New evidence has surfaced that Google is considering taking blockchain ‎technology, which underpins cryptocurrencies, more seriously.‎

The search-giant is exploring the use of blockchain technology for its cloud business and “developing its own distributed digital ledger that third parties can use to post and verify transactions,” people familiar with the situation told Bloomberg.

Sridhar Ramaswamy, the tech giant’s senior VP of advertising and commerce, said ‎Wednesday the company is working on research projects to find out ‎if it can incorporate blockchain technology into its own line of products.

However, ‎speaking at the Advertising Week Europe conference in London, the ‎Google executive downplayed any specific speculation, saying “it is super early ‎for us to say whether they are going to become products just yet. ‎We don’t have really any product announcements to make on this ‎front.”‎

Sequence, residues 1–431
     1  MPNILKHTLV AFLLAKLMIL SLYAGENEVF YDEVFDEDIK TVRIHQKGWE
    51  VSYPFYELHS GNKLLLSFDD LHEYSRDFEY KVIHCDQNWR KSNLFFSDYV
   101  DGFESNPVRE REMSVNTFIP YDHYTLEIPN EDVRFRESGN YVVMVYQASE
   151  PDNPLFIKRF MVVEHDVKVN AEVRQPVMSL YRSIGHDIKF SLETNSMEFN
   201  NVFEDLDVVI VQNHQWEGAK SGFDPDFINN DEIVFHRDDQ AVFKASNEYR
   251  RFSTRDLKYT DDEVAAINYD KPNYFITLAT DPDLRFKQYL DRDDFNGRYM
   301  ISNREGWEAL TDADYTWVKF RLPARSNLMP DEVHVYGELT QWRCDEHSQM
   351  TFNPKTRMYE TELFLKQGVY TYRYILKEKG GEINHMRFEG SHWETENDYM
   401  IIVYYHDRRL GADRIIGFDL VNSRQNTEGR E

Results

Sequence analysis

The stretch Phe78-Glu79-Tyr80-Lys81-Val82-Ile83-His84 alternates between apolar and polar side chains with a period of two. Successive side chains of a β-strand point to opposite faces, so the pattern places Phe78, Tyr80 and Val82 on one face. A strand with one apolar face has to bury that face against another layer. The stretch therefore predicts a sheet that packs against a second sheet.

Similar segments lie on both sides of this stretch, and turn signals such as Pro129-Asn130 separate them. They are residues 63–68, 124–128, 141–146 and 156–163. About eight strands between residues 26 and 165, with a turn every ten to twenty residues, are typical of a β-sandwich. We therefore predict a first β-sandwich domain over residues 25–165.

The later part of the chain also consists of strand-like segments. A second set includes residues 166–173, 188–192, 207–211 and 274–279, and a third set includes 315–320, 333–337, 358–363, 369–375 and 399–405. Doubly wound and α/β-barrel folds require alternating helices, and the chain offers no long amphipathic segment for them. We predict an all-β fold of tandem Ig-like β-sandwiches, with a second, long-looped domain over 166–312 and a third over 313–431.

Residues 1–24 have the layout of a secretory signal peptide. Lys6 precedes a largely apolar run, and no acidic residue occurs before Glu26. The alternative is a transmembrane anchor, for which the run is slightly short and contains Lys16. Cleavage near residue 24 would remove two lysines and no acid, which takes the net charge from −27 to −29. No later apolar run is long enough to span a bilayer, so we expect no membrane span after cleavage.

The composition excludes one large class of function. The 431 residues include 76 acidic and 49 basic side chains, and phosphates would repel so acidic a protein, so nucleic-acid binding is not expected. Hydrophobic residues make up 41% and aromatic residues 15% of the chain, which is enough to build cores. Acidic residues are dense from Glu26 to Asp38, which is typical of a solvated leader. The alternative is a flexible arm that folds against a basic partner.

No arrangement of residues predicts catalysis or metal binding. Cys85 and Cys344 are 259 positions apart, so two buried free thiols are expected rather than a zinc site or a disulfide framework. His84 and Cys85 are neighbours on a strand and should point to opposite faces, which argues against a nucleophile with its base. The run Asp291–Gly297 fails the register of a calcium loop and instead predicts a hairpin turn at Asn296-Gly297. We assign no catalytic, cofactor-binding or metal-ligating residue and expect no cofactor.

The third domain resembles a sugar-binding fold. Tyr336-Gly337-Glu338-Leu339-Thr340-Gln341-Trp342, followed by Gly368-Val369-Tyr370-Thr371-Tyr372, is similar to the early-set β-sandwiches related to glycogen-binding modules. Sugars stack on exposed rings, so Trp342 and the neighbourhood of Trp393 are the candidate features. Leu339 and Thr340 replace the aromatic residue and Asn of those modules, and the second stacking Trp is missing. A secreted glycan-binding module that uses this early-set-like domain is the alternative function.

“This is a research topic, so I don’t have anything super-definitive to ‎say. We have a small team that is looking at it. The core blockchain ‎technology is not something that is super-scalable in terms of the ‎sheer number of transactions it can run,” he added.

Ramaswamy stated the company is indeed pondering how it can make use of the ‎‎”frictionless” nature of the technology, which also has applications in ‎money transfer.‎

“The promise of blockchain of course is twofold: one is friction-free value transfer, you can think of it as money transfer working at scale with no friction and that can have an amazing effect on society, because it’s hard to move money. It always costs 2ish percent in most Western countries to move money,” he said.

Google last week took a far less cryptocurrency-friendly approach, when it announced it will block ads promoting ‎cryptocurrencies and ICOs on its own platforms and third-‎party websites, effective June. The move comes after a similar announcement by social media giant Facebook in January.‎

Despite this announcement, Google has been the second most active corporate ‎blockchain investor since 2012, with involvement in six companies focused on ‎the blockchain technology, according to a report by tech researcher CB ‎Insights.‎

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